This is the way strawberries were always supposed to taste. Of early summer's gentle warmth and sun-drenched days that never seem to end.

Tuesday, June 12, 2012

Malted Milk

Lately I've been drinking malted milk. I have terrible insomnia most nights and more often than not I wake up during the night, about once every hour, usually with my sheets twisted around my legs like I've been wrestling with my entire bed. So my mom suggested drinking warm milk. I wasn't overly fond of the idea, so one night when she came to visit she brought a container of Horlicks malted milk powder. I figured it couldn't hurt to try.

I think I've had it before bed for five nights now, but I'm not sure if I'm sleeping because of the milk, or because I've been inordinately tired lately (which is the only other way I seem able to get a full night's rest). For now I'm going to go ahead and give credit to the milk.

I'm not going to lie--I was skeptical. Not only about its ability to aid in sleep, but about the taste. As much as malt brings to mind Maltesers and malted milk shakes, it didn't sound very good as a hot beverage. I was pleasantly surprised.

If I had to compare it to anything I would have to say it reminds me of the milk leftover after eating a bowl of Shreddies, but warmed up. That probably sounds terribly unappealing, but I swear it's actually delicious. There's something oddly comforting about it, something that tastes like home and childhood and winter evenings spent reading a book or watching a movie. And maybe that is exactly where the appeal lies, less with its oddly post-cereal flavour and more with the nostalgia attached to it.

Regardless, I've been enjoying it, so I'm going to keep drinking it. Whether it's the effects of the hot milk that are helping me sleep or just a psychological calming effect that comes from feeling at home, it seems to be working.

And it's easy enough to make, just mix the powder with a bit of water to make a paste and add hot milk (detailed instructions are on the container). I usually heat up my milk on the stove top. If you read my post about chai tea, then you already know that I have a tendency to boil milk over. For the love of God! Watch your milk while it's heating! It makes such an awful mess if you don't. Trust me. I've done it enough times to know.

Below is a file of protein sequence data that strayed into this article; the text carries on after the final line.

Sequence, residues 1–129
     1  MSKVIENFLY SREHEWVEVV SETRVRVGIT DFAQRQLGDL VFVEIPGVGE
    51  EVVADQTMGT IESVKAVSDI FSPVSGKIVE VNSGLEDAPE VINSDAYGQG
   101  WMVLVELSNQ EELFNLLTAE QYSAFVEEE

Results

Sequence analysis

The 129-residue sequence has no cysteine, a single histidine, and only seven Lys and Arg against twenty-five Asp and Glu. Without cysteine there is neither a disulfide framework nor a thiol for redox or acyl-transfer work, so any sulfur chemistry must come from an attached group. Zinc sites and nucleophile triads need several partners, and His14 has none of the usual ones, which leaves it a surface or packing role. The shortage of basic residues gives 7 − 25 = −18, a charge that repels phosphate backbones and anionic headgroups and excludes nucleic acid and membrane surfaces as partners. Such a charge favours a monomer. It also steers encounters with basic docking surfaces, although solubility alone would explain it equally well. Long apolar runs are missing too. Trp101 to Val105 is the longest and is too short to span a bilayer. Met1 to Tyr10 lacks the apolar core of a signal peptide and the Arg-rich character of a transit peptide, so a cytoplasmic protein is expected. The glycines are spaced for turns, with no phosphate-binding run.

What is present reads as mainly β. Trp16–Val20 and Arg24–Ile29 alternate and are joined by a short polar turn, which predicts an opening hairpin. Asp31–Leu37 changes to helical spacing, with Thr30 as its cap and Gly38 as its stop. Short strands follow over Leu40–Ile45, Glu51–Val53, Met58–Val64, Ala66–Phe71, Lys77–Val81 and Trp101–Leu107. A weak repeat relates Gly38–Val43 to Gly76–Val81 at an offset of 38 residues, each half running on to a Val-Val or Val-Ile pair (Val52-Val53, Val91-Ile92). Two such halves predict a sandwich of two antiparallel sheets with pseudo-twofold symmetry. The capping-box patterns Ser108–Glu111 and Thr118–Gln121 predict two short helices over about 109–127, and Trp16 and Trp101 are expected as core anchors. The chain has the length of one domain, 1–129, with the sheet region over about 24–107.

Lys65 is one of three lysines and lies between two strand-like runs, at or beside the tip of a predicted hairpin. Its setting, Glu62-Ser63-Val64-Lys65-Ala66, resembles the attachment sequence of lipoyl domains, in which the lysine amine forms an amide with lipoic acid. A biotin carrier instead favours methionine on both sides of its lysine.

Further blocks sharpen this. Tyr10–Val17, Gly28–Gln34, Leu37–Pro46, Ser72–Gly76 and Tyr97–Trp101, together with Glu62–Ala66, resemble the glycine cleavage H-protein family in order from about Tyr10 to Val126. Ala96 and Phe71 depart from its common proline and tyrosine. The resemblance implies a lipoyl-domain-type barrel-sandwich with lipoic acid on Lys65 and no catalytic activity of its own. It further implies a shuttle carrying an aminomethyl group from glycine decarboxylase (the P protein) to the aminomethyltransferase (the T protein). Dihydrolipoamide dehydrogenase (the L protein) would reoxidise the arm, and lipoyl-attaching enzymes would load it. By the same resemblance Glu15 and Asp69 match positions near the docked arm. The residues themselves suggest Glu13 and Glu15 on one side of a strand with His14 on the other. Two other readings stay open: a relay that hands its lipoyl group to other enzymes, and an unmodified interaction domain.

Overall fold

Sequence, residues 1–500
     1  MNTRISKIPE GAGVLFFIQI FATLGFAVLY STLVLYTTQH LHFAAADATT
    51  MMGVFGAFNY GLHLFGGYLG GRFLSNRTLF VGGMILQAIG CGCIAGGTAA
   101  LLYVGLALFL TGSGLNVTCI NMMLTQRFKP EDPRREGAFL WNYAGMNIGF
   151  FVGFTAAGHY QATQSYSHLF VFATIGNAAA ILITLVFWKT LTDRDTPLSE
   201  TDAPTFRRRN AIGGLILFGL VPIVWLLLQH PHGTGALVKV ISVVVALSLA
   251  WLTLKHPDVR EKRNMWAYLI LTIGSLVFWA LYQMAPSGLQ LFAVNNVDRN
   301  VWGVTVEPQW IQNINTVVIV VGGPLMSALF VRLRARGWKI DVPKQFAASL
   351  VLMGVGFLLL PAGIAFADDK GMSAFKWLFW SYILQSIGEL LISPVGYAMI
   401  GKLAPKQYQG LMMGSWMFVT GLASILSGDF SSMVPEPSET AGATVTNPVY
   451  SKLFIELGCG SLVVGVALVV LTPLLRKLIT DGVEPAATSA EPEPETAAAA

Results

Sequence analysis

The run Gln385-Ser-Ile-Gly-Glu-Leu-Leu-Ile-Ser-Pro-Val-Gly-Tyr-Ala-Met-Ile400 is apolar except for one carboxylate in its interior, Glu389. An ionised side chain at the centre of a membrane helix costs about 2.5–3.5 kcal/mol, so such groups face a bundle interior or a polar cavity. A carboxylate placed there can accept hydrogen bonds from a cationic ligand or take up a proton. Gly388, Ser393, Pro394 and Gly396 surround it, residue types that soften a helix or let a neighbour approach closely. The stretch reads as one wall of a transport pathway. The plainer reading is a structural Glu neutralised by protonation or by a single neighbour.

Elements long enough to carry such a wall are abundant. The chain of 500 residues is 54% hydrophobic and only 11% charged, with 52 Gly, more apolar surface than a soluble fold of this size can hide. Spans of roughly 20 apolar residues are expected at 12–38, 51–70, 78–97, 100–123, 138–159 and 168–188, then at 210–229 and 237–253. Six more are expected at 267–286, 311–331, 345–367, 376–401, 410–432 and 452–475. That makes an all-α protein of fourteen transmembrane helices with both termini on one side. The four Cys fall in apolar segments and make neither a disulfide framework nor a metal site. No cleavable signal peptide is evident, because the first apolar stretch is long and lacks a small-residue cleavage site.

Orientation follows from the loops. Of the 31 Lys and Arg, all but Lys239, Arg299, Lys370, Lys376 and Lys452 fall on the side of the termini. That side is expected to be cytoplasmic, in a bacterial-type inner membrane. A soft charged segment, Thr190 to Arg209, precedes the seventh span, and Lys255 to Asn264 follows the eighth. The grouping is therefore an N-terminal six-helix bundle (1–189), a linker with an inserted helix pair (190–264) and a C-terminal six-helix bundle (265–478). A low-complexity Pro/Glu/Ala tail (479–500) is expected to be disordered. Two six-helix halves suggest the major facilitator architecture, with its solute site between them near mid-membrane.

And in case you were wondering, yes, that mug reads 'I solemnly swear that I am up to no good' scrawled over the Marauder's Map. I got it at the Science Center when they had their Harry Potter exhibit. The map only appears when the mug is hot. It might be my favourite thing ever. 

Stay tuned for an upcoming post where I will wax poetic about Ontario strawberries. Until then, malted milk--Hogwarts style.

Wednesday, June 6, 2012

I scream, you scream

The other day while I was perusing Pinterest (as one is wont to do when there are countless other things that need to be done), I came across a recipe for single ingredient banana "ice cream". It is literally made with pureed frozen bananas and nothing else. Well, okay, with peanut butter and cocoa powder as well, if you choose to amp it up a bit, but you don't need to add those.

'What is this?' I thought. 'Ice cream made with just bananas? Guilt-free ice cream???

Oh yeah. 

And since it's just about the easiest thing in the world to make (does it even merit the word 'recipe'?) I tried it as soon as possible. And you know what? It's delicious! Definitely comparable to ice cream. The texture is a bit more gooey, for lack of a better word, but not in an off-putting way, and I'm nearly positive a kid wouldn't know the difference.

Let your bananas get just a bit spotty, but not so ripe that they're brown. Chop them (I used four here) and then freeze for about a couple hours. Do chop them; trying to puree a whole frozen banana will not be fun.